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Move On If You’re Monied (Or Now Alone)

August 13, 2010

The status is still unclear of recent proposals by senior politicians that social housing (‘council housing’ and the like in old parlance) be only for those in greatest financial need. But whether simply political musing, or seriously on the agenda, these propositions are a very bad idea. And so, without very careful preparation, is the idea that you must move on if you are job-seeking or if family changes mean your house has fewer residents and in official terms becomes ‘underoccupied’.

Such proposals miss the point that people live in communities, not isolation; and communities require a degree of stability. These ideas can result only in one thing – more so-called ‘no hope’ estates, and fast.

Interdependence
Surely by now we have learnt that a degree of social and economic mix is essential in any resilient community, as is a level of stability in terms of who lives there? One of the reasons for the direness of some of the old ‘no-hope’ council estates was their failure to retain and nurture their more ambitious residents.

People are not, as some new-think politicians seem to believe, micro-economic units standing alone, without dependency on or reference to others. Almost all of us are connected in our day-to-day lives with family members, neighbours, friends, classmates and in numerous other ways as well.

Sometimes this interconnection might be related to intergenerational worklessness (which we all agree is a serious problem); but it is also often connected with the shared care and co-production of support services which permit people to work and to share everyday community life.

Diversity of need and experience
Perhaps the politicians who suggested the ‘move on if you have (any) money‘ model of social housing forget that by no means all workers are single and able-bodied with few commitments – a group which in fact comprises quite a small minority of the population.

Many workers are parents who care for children, adults who care for elderly parents, people whose cultural expectations are towards close extended family, people with disabilities who need support to engage in the economy, young people who cannot afford as yet to move away from the family home…. Need we continue? All these ‘groups’ of workers or putative workers require a stable home location most of the time; the last thing they need is an enforced move away from their current housing the minute they earn a few extra quid.

And the same applies to people who now seemingly rattle around in their empty homes; some of them receive frequent visitors (grandchildren..) and some might well like a smaller place. But almost all of them want to stay closeby, albeit many of them are newly-single (and often, sadly, also newly bereaved).

Stronger communities
And that’s before we begin to think about housing as community. Many people who live in social housing have put down roots, they have invested money in their homes, they maybe provide working (employed) role models to young people and children in their areas, perhaps they also provide support for their communities in other ways too.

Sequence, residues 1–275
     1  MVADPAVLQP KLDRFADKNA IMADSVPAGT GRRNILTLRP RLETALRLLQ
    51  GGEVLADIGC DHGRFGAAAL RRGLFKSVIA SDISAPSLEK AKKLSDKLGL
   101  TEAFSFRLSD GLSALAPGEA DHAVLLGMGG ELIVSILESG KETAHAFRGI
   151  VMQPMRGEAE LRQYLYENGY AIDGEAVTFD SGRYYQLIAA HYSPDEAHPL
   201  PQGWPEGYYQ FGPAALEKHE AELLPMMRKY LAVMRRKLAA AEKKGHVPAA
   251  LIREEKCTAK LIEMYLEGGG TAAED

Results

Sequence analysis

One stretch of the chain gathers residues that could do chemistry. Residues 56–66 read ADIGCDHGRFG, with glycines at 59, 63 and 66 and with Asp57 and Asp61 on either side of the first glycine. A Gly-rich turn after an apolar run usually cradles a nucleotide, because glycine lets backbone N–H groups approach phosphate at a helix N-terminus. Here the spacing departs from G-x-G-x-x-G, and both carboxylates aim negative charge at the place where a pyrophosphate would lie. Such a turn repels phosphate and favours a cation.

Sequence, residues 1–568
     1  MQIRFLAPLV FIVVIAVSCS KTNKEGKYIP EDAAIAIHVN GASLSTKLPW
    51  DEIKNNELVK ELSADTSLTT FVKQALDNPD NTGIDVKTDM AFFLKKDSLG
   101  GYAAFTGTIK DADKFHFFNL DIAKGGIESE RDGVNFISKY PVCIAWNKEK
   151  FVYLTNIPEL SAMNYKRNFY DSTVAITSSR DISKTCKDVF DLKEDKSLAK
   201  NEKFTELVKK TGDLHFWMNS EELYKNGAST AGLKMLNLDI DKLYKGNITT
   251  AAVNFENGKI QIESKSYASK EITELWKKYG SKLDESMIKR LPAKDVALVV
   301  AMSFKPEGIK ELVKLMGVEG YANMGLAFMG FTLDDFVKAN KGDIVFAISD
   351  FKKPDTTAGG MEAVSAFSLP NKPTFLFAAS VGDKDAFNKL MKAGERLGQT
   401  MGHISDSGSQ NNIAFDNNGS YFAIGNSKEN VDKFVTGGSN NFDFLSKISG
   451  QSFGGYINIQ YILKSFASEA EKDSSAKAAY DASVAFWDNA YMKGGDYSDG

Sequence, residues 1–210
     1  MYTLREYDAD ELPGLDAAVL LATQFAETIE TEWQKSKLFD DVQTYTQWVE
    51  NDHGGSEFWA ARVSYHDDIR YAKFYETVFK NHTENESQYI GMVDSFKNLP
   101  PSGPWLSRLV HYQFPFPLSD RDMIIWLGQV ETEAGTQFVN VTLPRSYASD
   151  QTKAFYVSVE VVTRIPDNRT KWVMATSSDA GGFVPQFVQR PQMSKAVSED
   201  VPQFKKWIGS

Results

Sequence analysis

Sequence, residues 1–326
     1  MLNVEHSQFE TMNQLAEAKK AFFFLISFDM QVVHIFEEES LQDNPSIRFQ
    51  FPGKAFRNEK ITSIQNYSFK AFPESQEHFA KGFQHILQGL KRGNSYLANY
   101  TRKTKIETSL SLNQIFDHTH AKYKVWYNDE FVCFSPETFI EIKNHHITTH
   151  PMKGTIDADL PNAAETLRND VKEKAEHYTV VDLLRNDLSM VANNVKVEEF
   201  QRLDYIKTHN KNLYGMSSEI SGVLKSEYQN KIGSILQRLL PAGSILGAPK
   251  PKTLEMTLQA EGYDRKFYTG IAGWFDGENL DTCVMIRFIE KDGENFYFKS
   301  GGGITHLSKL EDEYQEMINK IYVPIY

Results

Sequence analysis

The removal of people from social housing because they are ‘too wealthy’ or ‘too single’ to stay where they are is, at best, a rapid route to dismantling stable communities along with the less positive ones. At worst it is an idea which leaves a very nasty question mark about the powers of the state over vulnerable people.

Home ownership expectations
In other parts of Europe the expectation that one should buy one’s own home is far lower than in the UK, which makes the UK position rather odd, given that our population density is higher than most other countries’. Social housing stock is nonetheless disappearing rapidly.

Perhaps we all need to consider more carefully other models of housing provision – more good private rental? more shared ownership? bigger apartments to accommodate families properly?

But it’s likely that the rising generation will be less intent on owning their own homes anyway, given the difficulties for them of doing so (difficulties, it might be noted, that have applied also to some other generations; ‘only’ the population demographic has changed).

No insight?
The ‘move on if you’re monied (or newly single)’ idea reflects fundamentally poor insight and understanding on the part of those who propose it.

The idea does not in any case stack up politically – imagine the headlines, the first time a family is evicted for being ‘too rich’ or ‘too single’. Nor does it necessarily stack in policy and economic terms, not least because making local communities less stable can lead to long-term costs.

Homes for real people
But most critically of all, this idea demonstrates a model of human activity based entirely on the economic bottom line, as though all else is secondary.

This is errant nonsense. Most of us have a life outside the parameters of our wage (or even benefit) package, a life which for many is more meaningful than the 9-to-5 one. Our homes and communities are important to us, whether we are in paid work or not.

Economics and government budgets must be tools employed skilfully in the service of all citizens and communities, not used wilfully to circumscribe and restrict some of them. If the housing powers-that-be don’t understand even that, I guess we’re in for a pretty bad time for a while yet.

A version of this article was first published on the New Start magazine blog on 13 August 2010.

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